There are innumerable critical choices involved in the production of a great film, but one of the most apparent (and important) is determining how an important character first appears. It can happen in a flash, or slowly build to a satisfying reveal, but however achieved, much of a movie’s success can hinge on these moments. Heroes, villains, and anyone in between; the first impression is often how we remember them for the rest of our lives, so filmmakers had better make it count. How to Make an Entrance hopes to celebrate some of the greatest film character entrances of all time by attempting to examine and explore why they work so well — and along the way, perhaps reintroduce readers to some classic cinema friends.
John Doe in Se7en (1995)
Great cinematic entrances aren’t necessarily confined to a first act; in the case of John Doe in David Fincher’s Se7en, the audience doesn’t get their first good look at the twisted serial killer’s face until the film is nearing its conclusion. Yet, they may already feel they know him a bit through the brief interactions he has with Detectives Somerset and Mills — and of course, through his work. He’s methodical, meticulous, and dedicated; we’ve already picked up on that, even if his true motivations are somewhat of a mystery (though they’re hinted at enough). So what purpose does his proper introduction serve? In this particular case, the villain’s reveal has more to do with theme than character. John Doe calmly walking into the police station to turn himself in is used to demonstrate one of Se7en‘s recurring themes: societal apathy.
What sort of thing could perpetrate such horrific crimes, the gruesome and purposeful results of which Somerset and Mills have been simultaneously disgusted and fascinated by? Surely it must be some monster — a foul demon straight from Hell. But as Somerset warns, “If we catch John Doe and he turns out to be the devil, I mean if he’s Satan himself, that might live up to our expectations, but he’s not the devil. He’s just a man.” And a man won’t do for a case like this, not in a society that pays so little mind to its surroundings. How could people like that possibly notice the meek, little human that steps out of a taxi cab, crosses a busy street, and enters a place populated with government officers specifically trained and tasked with capturing him?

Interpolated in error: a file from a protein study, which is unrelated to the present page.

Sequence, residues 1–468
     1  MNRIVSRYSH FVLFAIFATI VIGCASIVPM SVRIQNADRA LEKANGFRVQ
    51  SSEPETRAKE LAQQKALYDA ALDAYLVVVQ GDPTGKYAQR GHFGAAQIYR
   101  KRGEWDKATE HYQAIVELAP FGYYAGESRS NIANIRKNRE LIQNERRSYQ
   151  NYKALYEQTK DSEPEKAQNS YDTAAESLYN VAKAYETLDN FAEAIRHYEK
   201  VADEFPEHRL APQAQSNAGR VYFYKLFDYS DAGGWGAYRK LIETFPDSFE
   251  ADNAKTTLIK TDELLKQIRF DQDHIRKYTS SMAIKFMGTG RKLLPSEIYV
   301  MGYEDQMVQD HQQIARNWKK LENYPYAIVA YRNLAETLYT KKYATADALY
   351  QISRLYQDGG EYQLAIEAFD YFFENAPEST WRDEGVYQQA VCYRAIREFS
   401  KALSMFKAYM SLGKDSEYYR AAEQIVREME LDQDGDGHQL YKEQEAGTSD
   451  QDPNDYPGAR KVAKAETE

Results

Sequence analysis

John Doe is here to get society’s attention; that’s what the elaborately staged murders are for, and that’s why he turns himself in — this isn’t about getting away with anything. The acts that propel the plot of Se7en are supposed to be a slap in the face, a wake-up call that city folk aren’t connecting as communities anymore, mostly because they just don’t care. As Somerset opines, “I just don’t think I can continue to live in a place that embraces and nurtures apathy as if it was virtue.” He also makes a point that in self-defense classes, women being attacked are taught to scream “Fire!” because no one responds to cries for “help.”
Apathy reigns in this metropolis, which is why crime runs rampant and cynicism pervades. Director David Fincher demonstrates this very idea in John Doe’s entrance scene, as the most wanted man in the city is ignored by the men obsessed with catching him. Despite their powers of observation, the detectives don’t notice his odd shuffling and bandaged fingers; they don’t notice his soft-spoken requests; they don’t even notice the blood-stained shirt! No one does!
People hustle about with their eyes pointed downward, unwilling to engage in anything outside their narrow view. They walk in front of him, past him, behind him; John Doe makes no effort to hide, and yet still cannot be seen. Even Fincher’s camera ignores him, focusing on his feet, or relegating him to unimportant background space. What does it take in this place? Only upon unleashing a scream of frustration is John Doe finally given recognition, his existence acknowledged in the center of the frame. We know who he is now.
Everyone backs away, he has achieved awareness. “Wanting people to listen, you can’t just tap them on the shoulder anymore. You have to hit them with a sledgehammer, and then you’ll notice you’ve got their strict attention.” Only upon an act of extremism do the citizens this gloomy city finally respond, finally notice something other than their own business. That’s what the murders are all about, of course, but the idea that we’re all so apathetic to what’s going on around us to me is best portrayed in Se7en by one scene, and one line.
That’s how to make an entrance.
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